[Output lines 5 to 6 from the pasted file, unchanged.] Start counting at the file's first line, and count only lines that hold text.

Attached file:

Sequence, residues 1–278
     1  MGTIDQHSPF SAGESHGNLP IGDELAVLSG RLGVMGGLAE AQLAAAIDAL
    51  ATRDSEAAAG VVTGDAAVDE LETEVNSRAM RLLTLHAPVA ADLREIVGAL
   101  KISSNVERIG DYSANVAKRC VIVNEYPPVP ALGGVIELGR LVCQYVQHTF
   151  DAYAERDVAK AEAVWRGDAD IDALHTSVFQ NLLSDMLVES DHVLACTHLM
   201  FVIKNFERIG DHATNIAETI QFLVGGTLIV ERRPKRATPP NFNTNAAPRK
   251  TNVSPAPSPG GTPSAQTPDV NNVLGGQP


   151  DAYAERDVAK AEAVWRGDAD IDALHTSVFQ NLLSDMLVES DHVLACTHLM
   201  FVIKNFERIG DHATNIAETI QFLVGGTLIV ERRPKRATPP NFNTNAAPRK